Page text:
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THE DOGONS OF MALI

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Bianca
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« on: September 21, 2007, 08:30:22 am »








                                            T H E   D O G O N S   O F   M A L I   




The Dogon are a group of people living in the central plateau region of Mali, south of the Niger bend near the city of Bandiagara in the Mopti region. They number just under 800,000.

The Dogon are best known for their mythology, their mask dances, wooden sculpture and their architecture. The past century has seen significant changes in the social organization, material culture and beliefs of the Dogon, partly because Dogon country is one of Mali's major tourist attractions.
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Bianca
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« Reply #1 on: September 21, 2007, 08:35:51 am »


The Dogon village of Banani.
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« Reply #2 on: September 21, 2007, 08:38:54 am »


The Bandiagara Cliffs






Geography and demography
 
The principal Dogon area is dissected by the Bandiagara Escarpment, a sandstone cliff of up to 500m (1,640 ft) high, stretching for about 150km (almost 100 miles). To the southeast of the cliff, the sandy Séno-Gondo plains are found, and northwest of the cliff are the Bandiagara highlands. The current population is at least 450,000. Historically, Dogon villages have frequently fallen victim to slave raiders. Neighboring tribal groups acted as slave merchants, as the growth of cities increased the demand for slaves across the region of West Africa.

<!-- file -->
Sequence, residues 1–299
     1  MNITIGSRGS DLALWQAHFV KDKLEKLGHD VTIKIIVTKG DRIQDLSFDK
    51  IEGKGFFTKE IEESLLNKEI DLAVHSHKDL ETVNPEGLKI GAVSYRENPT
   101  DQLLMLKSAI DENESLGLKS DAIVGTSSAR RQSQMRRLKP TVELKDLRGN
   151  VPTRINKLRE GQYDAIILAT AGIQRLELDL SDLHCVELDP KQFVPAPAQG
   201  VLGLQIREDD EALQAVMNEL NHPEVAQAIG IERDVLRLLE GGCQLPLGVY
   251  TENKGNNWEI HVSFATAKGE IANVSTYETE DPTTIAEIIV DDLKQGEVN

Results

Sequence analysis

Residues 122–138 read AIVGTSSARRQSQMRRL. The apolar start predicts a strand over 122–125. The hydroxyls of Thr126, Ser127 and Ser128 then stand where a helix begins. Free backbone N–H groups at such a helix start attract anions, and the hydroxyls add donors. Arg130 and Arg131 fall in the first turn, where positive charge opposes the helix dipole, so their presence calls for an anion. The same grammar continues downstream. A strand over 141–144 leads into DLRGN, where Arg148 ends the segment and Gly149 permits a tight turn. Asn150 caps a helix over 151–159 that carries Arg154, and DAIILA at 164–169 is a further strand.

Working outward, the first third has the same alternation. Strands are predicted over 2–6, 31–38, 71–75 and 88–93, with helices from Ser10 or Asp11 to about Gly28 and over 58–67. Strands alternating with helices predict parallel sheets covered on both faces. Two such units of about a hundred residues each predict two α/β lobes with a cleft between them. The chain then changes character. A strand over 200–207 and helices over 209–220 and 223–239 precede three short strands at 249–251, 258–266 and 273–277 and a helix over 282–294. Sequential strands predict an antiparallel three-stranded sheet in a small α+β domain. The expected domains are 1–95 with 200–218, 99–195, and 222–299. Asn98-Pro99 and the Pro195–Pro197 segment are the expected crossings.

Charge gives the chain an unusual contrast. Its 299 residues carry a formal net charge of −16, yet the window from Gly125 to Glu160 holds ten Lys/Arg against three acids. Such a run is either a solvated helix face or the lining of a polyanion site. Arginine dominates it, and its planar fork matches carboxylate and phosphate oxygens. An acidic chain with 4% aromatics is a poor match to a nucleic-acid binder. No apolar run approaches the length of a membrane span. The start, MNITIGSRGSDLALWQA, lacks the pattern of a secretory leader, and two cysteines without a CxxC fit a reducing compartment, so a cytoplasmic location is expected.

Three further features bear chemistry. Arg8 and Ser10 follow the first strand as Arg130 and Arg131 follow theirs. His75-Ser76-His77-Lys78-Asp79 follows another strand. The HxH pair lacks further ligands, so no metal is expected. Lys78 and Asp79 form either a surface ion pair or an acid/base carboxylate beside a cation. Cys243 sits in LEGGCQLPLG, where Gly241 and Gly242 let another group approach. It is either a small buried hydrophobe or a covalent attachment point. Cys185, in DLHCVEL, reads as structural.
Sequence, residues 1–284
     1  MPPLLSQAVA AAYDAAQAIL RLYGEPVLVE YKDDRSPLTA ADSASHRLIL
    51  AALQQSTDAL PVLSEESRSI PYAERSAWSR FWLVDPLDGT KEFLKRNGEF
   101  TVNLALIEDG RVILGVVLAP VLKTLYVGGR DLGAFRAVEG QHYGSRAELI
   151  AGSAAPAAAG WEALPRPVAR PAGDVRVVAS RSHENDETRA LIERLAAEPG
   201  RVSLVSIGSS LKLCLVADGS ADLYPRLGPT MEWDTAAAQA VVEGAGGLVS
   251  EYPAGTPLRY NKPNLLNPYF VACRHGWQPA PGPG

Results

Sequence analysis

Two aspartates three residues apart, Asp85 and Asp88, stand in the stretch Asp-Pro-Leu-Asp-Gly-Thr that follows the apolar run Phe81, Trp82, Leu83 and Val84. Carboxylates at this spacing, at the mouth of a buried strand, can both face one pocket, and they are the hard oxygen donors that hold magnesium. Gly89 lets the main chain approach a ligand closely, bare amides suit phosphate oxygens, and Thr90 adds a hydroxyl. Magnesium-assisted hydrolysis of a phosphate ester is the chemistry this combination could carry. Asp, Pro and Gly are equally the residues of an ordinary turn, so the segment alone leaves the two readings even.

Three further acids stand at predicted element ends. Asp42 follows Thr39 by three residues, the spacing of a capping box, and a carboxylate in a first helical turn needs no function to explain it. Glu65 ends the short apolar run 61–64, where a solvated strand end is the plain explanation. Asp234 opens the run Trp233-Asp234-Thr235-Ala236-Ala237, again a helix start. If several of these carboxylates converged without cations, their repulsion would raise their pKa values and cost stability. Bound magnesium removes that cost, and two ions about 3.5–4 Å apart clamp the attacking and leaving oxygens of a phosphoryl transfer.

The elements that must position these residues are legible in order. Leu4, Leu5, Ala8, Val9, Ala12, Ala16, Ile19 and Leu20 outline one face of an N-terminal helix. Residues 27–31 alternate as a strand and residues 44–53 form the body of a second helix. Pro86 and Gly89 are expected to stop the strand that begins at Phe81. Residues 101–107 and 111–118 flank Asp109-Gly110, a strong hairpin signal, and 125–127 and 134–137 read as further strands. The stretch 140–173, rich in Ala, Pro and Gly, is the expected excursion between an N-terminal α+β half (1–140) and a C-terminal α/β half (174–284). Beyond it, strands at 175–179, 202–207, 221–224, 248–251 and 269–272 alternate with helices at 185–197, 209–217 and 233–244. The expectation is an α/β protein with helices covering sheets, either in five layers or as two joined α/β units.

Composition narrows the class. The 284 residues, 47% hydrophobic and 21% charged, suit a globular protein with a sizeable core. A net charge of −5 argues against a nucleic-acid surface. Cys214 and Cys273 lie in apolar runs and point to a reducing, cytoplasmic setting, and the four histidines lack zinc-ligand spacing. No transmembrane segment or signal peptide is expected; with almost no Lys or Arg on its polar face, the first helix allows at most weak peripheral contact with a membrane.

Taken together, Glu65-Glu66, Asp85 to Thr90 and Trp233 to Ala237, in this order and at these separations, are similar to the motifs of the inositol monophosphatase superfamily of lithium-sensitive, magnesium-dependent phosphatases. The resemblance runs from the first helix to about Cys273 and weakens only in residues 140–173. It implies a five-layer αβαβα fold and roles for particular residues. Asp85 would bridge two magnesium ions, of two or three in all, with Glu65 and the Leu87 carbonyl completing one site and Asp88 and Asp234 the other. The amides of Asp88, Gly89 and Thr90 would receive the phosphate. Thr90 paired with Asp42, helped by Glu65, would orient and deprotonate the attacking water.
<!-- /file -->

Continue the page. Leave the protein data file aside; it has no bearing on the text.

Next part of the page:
At the end of the eighteenth century, the jihads that were triggered by the resurgence of Islam caused slaves to be sought for warfare. Dogon insecurity in the face of these historical pressures caused them to locate their villages in defensible positions along the walls of the escarpment. The other factor influencing their choice of settlement location is water. Nearby is the Niger and in the sandstone rock, a rivulet runs at the foot of the cliff at the lowest point of the area during the wet season.
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« Reply #3 on: September 21, 2007, 08:42:21 am »









Dogon art







Dogon wood sculpture,
probably an ancestor figure,
17th-18th century